“With an expansive body of work, including the scores for numerous Spike Lee films and an extensive discography, 2018 USA Fellow and six-time Grammy-winning trumpeter/composer Terence Blanchard has been a consistent artistic force for making powerful musical statements concerning painful American tragedies. He studied jazz at Rutgers University and was invited to play with the Lionel Hampton Orchestra in 1982. Following a string of collaborative recordings, he released his first self-titled solo album on Columbia Records in 1991. In 2015, he released his first album with his jazz quintet E-Collective, and most recently, the ensemble collaborated with the Turtle Island Quartet for a new album, Absence, that released in 2021 on the Blue Note label. He was nominated for Academy Awards for his original scores for the films ‘BlacKkKlansman’ in 2019 and ‘Da 5 Bloods’ in 2021. In 2013, his first Opera, ‘Champion,’ had its world premiere at Opera Theatre of Saint Louis, and six years later, that same company premiered his ‘Fire Shut Up in My Bones,’” according to the Met.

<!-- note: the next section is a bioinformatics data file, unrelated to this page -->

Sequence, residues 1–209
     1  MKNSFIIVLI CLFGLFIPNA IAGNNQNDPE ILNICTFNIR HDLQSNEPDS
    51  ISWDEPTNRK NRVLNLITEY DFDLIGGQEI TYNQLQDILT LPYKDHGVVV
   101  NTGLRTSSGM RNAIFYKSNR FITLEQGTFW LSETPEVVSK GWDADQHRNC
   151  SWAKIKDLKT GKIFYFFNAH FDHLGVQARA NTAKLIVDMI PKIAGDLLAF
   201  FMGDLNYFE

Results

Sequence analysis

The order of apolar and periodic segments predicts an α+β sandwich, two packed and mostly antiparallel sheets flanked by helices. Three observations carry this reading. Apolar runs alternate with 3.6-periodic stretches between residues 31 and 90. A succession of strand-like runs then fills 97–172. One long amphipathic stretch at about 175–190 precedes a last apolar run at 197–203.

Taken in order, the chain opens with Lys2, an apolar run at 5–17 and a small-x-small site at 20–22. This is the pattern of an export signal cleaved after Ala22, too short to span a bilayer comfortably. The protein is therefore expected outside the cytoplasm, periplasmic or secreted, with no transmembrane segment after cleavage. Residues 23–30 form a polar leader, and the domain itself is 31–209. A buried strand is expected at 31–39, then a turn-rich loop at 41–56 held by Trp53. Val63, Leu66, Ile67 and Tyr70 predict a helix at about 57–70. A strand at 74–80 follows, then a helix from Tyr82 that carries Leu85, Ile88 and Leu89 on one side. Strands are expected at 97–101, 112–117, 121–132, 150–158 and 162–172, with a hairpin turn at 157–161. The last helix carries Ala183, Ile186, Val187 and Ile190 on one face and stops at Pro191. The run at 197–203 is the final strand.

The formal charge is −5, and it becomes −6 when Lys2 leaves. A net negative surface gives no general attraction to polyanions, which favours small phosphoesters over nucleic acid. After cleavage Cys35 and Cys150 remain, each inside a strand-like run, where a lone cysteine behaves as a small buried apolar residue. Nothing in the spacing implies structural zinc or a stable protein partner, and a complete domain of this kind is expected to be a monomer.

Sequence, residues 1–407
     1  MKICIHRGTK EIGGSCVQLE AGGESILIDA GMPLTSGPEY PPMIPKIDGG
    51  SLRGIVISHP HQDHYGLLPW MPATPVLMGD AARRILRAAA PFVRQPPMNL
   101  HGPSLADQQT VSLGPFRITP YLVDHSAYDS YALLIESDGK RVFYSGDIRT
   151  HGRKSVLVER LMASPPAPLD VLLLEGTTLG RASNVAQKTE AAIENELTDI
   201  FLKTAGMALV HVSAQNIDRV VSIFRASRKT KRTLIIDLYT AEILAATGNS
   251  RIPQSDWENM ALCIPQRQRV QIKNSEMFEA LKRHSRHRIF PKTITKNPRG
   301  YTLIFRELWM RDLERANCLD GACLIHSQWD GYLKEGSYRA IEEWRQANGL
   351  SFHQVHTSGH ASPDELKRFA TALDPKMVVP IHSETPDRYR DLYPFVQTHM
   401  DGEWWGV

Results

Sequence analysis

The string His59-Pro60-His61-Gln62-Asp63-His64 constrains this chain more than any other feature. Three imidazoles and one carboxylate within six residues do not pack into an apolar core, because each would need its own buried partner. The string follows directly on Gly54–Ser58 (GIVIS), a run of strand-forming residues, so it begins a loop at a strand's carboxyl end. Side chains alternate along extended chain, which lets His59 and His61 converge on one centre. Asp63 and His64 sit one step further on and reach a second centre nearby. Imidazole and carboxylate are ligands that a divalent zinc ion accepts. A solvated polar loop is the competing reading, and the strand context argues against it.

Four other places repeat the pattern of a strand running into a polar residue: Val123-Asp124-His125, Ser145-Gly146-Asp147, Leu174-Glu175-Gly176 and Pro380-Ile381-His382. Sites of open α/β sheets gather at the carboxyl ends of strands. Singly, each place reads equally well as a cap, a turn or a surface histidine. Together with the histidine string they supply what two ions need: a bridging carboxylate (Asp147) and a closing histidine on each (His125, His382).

Opening Night of the 2021–22 season, will be a historic occasion – the Met’s first performance of an opera by a Black composer. Yannick Nézet-Séguin conducts Grammy Award-winning jazz musician and composer Terence Blanchard’s adaptation of Charles M. Blow’s moving memoir, which The New York Times praised after its 2019 world premiere at Opera. Theatre of Saint Louis as “bold and affecting” and “subtly powerful.”

Featuring a libretto by Filmmaker Kasi Lemmons, “Fire Shut Up in My Bones” is about a young man’s journey to overcome a life of trauma and hardship.

James Robinson and Camille A. Brown – two of the creators of the Met’s sensational recent production of Porgy and Bess – co-direct this new staging; Brown, who is also the production’s choreographer, becomes the first Black director to create a mainstage Met production.